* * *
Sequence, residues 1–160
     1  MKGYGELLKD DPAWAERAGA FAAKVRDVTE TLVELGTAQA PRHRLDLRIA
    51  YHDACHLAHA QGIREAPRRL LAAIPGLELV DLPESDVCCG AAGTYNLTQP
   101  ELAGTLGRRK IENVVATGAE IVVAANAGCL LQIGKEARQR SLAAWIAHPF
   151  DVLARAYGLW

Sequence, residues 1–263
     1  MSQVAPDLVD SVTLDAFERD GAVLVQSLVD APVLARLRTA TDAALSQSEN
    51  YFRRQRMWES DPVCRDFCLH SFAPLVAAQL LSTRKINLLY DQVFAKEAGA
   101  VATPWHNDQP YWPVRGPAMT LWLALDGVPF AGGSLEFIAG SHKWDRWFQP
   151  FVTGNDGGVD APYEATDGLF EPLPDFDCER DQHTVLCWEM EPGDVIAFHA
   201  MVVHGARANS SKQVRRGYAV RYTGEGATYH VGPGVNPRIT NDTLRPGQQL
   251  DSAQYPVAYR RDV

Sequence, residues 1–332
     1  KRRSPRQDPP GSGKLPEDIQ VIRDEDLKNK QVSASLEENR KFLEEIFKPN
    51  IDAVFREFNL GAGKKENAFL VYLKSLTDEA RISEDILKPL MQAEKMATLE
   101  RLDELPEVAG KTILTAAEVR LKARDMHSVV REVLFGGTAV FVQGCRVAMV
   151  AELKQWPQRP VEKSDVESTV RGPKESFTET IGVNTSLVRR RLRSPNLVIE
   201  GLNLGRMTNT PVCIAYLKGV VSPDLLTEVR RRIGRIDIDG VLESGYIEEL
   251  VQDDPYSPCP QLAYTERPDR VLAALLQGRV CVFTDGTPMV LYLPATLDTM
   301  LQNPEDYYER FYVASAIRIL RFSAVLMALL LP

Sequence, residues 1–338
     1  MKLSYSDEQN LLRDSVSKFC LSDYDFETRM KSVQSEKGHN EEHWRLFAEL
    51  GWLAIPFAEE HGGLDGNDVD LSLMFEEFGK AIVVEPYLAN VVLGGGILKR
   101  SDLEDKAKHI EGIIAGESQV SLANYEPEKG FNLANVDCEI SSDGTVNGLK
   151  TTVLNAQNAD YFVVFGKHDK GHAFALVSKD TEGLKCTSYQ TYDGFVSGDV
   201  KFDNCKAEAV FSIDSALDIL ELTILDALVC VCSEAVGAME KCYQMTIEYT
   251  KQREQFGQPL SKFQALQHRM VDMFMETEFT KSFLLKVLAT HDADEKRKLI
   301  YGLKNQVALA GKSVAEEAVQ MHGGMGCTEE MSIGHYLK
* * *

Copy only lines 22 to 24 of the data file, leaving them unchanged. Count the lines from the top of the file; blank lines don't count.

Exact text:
     1  MKLSYSDEQN LLRDSVSKFC LSDYDFETRM KSVQSEKGHN EEHWRLFAEL
    51  GWLAIPFAEE HGGLDGNDVD LSLMFEEFGK AIVVEPYLAN VVLGGGILKR
   101  SDLEDKAKHI EGIIAGESQV SLANYEPEKG FNLANVDCEI SSDGTVNGLK